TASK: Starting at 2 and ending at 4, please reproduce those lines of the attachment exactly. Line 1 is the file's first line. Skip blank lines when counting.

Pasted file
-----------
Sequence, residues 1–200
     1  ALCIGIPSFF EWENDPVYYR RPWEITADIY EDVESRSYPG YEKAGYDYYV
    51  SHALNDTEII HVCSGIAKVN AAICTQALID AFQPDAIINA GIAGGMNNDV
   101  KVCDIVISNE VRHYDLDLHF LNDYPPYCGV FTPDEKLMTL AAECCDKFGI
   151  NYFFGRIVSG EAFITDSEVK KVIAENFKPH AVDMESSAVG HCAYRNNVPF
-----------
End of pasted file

     1  ALCIGIPSFF EWENDPVYYR RPWEITADIY EDVESRSYPG YEKAGYDYYV
    51  SHALNDTEII HVCSGIAKVN AAICTQALID AFQPDAIINA GIAGGMNNDV
   101  KVCDIVISNE VRHYDLDLHF LNDYPPYCGV FTPDEKLMTL AAECCDKFGI